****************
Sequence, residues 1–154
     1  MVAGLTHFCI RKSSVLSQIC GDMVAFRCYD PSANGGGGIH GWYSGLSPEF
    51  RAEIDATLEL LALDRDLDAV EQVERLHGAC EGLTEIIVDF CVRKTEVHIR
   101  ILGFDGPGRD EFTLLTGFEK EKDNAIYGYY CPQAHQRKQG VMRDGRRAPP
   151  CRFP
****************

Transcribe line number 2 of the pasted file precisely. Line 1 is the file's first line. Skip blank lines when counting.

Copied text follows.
     1  MVAGLTHFCI RKSSVLSQIC GDMVAFRCYD PSANGGGGIH GWYSGLSPEF